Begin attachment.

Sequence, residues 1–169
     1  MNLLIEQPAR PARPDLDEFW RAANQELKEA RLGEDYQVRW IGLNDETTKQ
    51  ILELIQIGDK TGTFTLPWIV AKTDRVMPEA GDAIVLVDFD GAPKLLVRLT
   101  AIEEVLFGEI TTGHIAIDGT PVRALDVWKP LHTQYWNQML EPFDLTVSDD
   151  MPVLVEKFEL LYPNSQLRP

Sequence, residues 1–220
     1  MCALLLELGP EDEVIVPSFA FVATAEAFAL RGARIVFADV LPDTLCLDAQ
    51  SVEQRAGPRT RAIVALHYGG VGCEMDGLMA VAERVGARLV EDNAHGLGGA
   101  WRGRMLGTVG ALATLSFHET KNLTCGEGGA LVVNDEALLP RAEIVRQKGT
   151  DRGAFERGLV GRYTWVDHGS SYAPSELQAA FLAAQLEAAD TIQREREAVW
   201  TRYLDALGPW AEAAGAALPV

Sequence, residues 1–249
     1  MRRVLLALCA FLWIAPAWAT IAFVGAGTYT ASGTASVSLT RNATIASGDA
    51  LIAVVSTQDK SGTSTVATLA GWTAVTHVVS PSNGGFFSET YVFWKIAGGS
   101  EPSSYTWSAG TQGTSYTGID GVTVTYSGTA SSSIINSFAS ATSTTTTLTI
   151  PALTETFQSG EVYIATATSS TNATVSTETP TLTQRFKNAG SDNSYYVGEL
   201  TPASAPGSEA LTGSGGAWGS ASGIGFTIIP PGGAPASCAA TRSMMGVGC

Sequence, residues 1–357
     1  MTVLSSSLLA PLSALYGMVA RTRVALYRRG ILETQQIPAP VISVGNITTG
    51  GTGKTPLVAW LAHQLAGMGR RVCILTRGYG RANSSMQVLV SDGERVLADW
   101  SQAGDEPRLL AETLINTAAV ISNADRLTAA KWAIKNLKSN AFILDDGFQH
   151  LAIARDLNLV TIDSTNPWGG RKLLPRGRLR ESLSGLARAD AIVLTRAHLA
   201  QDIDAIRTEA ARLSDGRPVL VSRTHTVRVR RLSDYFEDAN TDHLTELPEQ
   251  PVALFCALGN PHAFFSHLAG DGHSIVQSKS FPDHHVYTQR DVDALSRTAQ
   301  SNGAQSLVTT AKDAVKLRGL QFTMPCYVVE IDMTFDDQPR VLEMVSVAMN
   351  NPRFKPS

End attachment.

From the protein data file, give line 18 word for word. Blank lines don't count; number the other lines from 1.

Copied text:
Sequence, residues 1–357